One hundred and seventy-seven years ago, on March 31, 1837, an unusual concert took place in Paris, pitting the pianistic skills of the two leading virtuosos of the time, Franz Liszt and Sigismond Thalberg. The contest was adjudged a draw.
Thalberg was a fine pianist according to contemporaries Mendelssohn, Hallé and Clara Schumann; even Chopin said that he ‘played excellently.’ There were inflammatory remarks in the press, rival concerts in the Conservatoire (Thalberg) and the Opéra (Liszt) in March 1837 and this pianistic duel was the culmination.
Posterity has however heavily favored Liszt, with Thalberg a mere footnote in Romantic piano literature. If you’ll forgive the pun, it was a “Battle of the HANDS,” a digital confrontation of the two leading virtuoso pianists of the day, Thalberg and Liszt.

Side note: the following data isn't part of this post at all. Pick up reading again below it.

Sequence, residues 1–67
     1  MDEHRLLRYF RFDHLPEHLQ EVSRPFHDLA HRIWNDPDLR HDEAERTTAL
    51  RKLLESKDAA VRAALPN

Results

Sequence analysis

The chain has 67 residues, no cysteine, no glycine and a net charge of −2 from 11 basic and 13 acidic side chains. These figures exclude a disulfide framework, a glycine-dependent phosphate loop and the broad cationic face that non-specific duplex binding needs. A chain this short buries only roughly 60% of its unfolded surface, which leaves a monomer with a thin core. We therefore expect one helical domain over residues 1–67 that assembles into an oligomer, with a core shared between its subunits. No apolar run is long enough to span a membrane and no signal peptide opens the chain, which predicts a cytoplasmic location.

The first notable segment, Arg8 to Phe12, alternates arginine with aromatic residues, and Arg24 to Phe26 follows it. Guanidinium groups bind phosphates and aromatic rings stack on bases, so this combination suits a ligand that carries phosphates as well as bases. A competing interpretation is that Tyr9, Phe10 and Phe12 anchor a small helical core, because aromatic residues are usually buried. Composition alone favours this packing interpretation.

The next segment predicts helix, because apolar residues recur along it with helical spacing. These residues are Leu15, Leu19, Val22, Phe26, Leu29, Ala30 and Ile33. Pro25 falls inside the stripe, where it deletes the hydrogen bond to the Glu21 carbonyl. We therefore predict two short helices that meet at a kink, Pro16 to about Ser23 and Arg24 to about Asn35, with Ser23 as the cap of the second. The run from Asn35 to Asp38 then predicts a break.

The concert took place at the Salon of the Princess Cristina Belgiojoso-Trivulzio, an Italian noblewoman who played a prominent part in Italy’s struggle for independence. She is also notable as a writer and journalist. She scored the social coup of the season at her Parisian salon close to the Madeleine. Ostensibly, it was the culmination of a three-day charity fundraiser in aid of Italian political refugees, but it REALLY was the artistic equivalent of a prize fight—the fists in question pummelling the piano keyboard. Belgiojoso’s judgment was, “Thalberg is the greatest pianist, but there is only one Liszt.”...
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